New Jersey citizens were getting closer to legalizing marijuana until lawmakers recently decided to place the vote on hold due to lack of support.
Expected to be a homerun, the proposed bill was supported by Gov. Phillip D. Murphy, who’s stance is “pro-weed” failed to gain the support of both Republican and Democratic lawmakers. Initially, it was endorsed by the Democratically-controlled State legislature and the backing of statewide polls.
The bill failed to meet a consensus among the different lawmakers because of different concerns such as how much marijuana is acceptable; will it be for the best interests of local businesses or controlled by national companies hoping to cash in on local marijuana sales.
It wasn’t producing the expected tax revenue that was expected in other States, concerns about it being controlled by outside interests or businesses, and little details about how much marijuana would be okay.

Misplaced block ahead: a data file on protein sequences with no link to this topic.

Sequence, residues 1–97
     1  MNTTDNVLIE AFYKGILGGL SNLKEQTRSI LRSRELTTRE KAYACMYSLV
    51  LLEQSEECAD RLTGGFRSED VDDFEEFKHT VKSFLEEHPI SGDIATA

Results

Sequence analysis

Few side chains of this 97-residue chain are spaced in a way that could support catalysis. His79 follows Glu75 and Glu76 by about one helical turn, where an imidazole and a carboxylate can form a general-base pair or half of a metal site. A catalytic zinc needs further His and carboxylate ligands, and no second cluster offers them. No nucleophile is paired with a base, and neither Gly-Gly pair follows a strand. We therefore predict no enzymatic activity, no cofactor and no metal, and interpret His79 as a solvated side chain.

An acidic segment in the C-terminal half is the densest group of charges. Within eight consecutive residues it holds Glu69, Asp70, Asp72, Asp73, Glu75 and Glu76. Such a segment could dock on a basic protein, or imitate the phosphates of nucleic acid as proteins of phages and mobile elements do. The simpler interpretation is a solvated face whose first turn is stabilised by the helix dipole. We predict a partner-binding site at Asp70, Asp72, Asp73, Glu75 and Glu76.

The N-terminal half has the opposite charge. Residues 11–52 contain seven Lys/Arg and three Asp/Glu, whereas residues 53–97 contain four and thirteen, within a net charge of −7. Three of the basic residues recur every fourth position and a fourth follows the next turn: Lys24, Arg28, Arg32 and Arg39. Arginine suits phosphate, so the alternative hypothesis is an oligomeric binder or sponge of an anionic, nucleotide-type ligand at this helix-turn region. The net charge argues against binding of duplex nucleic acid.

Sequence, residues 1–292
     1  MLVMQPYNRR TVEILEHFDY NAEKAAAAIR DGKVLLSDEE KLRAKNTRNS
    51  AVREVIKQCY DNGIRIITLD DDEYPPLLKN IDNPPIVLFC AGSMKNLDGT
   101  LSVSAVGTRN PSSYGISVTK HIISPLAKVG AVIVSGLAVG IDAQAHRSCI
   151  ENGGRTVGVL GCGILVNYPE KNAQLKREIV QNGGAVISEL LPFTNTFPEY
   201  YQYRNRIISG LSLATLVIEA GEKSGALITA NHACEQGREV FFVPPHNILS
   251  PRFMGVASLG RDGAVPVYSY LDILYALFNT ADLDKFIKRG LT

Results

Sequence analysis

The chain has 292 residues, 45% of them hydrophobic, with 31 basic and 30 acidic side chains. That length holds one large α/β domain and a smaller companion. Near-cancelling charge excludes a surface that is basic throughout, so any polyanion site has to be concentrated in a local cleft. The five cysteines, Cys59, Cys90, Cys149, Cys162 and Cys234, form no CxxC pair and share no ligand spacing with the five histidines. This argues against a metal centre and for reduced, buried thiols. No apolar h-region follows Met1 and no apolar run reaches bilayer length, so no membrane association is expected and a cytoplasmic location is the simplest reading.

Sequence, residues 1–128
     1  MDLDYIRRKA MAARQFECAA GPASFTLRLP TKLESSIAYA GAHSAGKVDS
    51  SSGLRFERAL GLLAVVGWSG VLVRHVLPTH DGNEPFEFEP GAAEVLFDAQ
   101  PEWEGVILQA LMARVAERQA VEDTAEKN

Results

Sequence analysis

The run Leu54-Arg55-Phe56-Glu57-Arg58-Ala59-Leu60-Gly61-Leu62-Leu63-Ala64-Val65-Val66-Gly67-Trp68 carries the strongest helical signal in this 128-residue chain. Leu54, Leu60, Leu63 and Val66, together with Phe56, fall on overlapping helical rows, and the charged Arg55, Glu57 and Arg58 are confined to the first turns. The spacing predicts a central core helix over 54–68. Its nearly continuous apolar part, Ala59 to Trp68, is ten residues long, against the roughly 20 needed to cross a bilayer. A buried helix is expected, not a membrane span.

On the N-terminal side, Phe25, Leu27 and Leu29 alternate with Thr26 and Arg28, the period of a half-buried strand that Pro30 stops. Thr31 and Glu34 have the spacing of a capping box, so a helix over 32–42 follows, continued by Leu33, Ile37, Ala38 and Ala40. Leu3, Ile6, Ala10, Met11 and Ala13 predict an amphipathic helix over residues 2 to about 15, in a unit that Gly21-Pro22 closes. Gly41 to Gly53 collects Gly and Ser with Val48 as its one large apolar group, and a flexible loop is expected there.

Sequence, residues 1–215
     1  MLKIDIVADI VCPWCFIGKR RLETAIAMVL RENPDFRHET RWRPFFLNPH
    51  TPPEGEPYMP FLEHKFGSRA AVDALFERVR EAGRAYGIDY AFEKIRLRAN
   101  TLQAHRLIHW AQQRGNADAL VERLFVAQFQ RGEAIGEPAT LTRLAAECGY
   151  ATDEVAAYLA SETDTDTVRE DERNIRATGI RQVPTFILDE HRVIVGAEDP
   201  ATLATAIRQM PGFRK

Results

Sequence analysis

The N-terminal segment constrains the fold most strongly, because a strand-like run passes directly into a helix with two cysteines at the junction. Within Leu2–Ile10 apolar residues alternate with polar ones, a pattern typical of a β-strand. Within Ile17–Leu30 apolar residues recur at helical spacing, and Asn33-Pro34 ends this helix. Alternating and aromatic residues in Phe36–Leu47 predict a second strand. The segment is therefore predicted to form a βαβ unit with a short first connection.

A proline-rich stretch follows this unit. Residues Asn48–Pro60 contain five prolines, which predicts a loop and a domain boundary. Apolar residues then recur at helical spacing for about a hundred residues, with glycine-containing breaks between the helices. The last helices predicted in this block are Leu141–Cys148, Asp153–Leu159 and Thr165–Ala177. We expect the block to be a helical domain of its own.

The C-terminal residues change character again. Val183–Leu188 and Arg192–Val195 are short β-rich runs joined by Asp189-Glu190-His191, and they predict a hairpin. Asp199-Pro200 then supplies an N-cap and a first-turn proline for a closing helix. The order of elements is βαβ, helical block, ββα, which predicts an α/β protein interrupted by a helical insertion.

Christopher Bateman, a Republican senator who had been considered a swing vote said that “Five pounds is a lot of pot,” and “That’s not you and I smoking a little bit. That’s a dealer on the corner, selling and distributing.”
A controversial provision in the bill which allows people to clear their records for convictions of possession of marijuana of up to 5 pounds was also a major talking point among legislators. Some also expressed concerns on how legalizing marijuana in some States failed to produce projected tax revenues.
One vote. Sources say that the vote was canceled because the state Senate could not muster the 21 votes required for passage. With 20 “soft” yes votes, a single vote was needed to pass the bill.
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